Skills for life teacher Functional skills teacher
Skills for life teachers work with adults and sometimes 16 to 18-year-olds to improve their English and maths.
1. Entry requirements
You’ll need a minimum of a Level 3 qualification in the subject area you wish to teach, like A level maths to teach numeracy.
You’ll also need a teaching qualification and a specialist diploma like:
- Level 5 Diploma in Education and Training
- Level 5 Diploma in Education and Training with specialist pathway
- Level 5 integrated specialist diploma.
If you have a degree, you can take a postgraduate certificate in education (PGCE) or a professional graduate diploma in education (PGDE) in teaching disabled adults, literacy, ESOL, combined literacy with ESOL or numeracy.
If you don’t have a degree, you can take the certificate in education (Cert Ed) or the professional diploma in education (PDE).
When applying for any of these qualifications, colleges, universities and private training providers will assess your skills and knowledge in English, maths and ICT.
If you don’t already have a minimum of a level 2 qualification in all these subjects, you’ll be given the opportunity to get these during your teacher training.
You may be eligible for a training bursary if you are looking to specialise in teaching maths, English or special educational needs.
You’ll also need clearance from the Disclosure and Barring Service.
FE Advice has more information on the qualifications needed.
The Education & Training Foundation and the Excellence Gateway website also have more information on literacy, numeracy and ESOL teaching.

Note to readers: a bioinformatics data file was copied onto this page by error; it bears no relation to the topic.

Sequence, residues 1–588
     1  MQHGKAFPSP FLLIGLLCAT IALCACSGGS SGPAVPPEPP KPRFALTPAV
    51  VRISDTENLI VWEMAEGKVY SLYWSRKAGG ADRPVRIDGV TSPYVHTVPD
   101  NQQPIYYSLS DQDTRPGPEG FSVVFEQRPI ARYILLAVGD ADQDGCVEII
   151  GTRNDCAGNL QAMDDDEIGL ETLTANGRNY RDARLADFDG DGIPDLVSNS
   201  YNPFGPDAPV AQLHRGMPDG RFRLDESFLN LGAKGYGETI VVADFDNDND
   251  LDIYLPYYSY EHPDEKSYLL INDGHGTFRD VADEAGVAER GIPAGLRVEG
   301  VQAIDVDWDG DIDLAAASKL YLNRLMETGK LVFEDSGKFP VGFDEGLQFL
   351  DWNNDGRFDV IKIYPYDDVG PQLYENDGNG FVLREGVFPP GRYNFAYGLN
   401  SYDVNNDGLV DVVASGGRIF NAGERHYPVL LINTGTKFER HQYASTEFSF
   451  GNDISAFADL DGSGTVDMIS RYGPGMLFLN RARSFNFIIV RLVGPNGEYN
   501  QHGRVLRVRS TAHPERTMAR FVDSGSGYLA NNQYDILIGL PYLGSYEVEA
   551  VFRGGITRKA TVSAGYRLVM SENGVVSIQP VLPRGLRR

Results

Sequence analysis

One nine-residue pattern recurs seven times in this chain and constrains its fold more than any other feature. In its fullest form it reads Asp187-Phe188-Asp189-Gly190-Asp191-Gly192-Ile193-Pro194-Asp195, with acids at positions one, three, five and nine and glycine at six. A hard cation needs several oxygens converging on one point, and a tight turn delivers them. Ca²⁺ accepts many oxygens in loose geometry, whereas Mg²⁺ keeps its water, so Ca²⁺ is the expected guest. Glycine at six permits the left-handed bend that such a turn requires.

2. Skills required
- the ability to get on well with people of all ages, backgrounds and abilities and understand their needs
- record keeping skills
- patience and tact when working with those who may lack confidence
- planning skills and creativity to prepare interesting activities to improve learners' skills
- the ability to motivate and encourage learners to continue with their studies
3. What you'll do
You’ll teach and support adults and young people who want to improve their skills in:
- reading, writing and spelling (literacy)
- maths (numeracy), or
- ESOL (English for Speakers of Other Languages)
You might also work with adults with learning difficulties and disabilities.
Your day-to-day duties may include:
- carrying out skills assessments
- talking to students about what they want to achieve
- designing learning plans to suit the needs and abilities of students
- preparing teaching materials
- using a range of resources like worksheets and computer packages
- delivering individual and group teaching sessions
- keeping records
- guiding and supporting learning support assistants and volunteers
Starter: £19,000 to £22,000
Experienced: £23,000 to £26,000
Highly Experienced: £27,000 or more
Your starting salary will depend on your experience, qualifications, and whether you’re employed in a further education college, a charity or a private training provider.
These figures are a guide.
5. Working hours, patterns and environmentYou could work full-time or part-time.
As a part-time teacher you may only have a temporary contract.
As a full-time teacher you’ll usually work up to 37 hours a week, with around 25 hours spent teaching.
Evening work is common.
You could be based in a college or an adult education centre and spend some of your time teaching in community centres, libraries or prisons.
You could also work for a training provider helping people to improve their skills as preparation for employment.
6. Career path and progressionWith experience, there may be opportunities to progress to more senior roles and higher pay scales.
You could be promoted to head of department, or move into training other teachers.
Last updated: 12 December 2016